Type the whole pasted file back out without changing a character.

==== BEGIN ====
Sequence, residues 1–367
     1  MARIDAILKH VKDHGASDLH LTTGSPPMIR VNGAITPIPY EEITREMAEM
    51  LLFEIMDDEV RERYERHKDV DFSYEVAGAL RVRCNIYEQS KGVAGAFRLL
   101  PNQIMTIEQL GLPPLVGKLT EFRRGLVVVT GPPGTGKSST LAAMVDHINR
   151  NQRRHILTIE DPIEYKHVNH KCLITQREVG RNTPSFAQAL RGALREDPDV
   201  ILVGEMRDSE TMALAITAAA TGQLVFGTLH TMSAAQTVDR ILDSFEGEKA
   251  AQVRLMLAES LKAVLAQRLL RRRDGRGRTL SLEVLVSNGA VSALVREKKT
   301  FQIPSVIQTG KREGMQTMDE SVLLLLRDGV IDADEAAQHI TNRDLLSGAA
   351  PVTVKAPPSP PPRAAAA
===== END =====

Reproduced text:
Sequence, residues 1–367
     1  MARIDAILKH VKDHGASDLH LTTGSPPMIR VNGAITPIPY EEITREMAEM
    51  LLFEIMDDEV RERYERHKDV DFSYEVAGAL RVRCNIYEQS KGVAGAFRLL
   101  PNQIMTIEQL GLPPLVGKLT EFRRGLVVVT GPPGTGKSST LAAMVDHINR
   151  NQRRHILTIE DPIEYKHVNH KCLITQREVG RNTPSFAQAL RGALREDPDV
   201  ILVGEMRDSE TMALAITAAA TGQLVFGTLH TMSAAQTVDR ILDSFEGEKA
   251  AQVRLMLAES LKAVLAQRLL RRRDGRGRTL SLEVLVSNGA VSALVREKKT
   301  FQIPSVIQTG KREGMQTMDE SVLLLLRDGV IDADEAAQHI TNRDLLSGAA
   351  PVTVKAPPSP PPRAAAA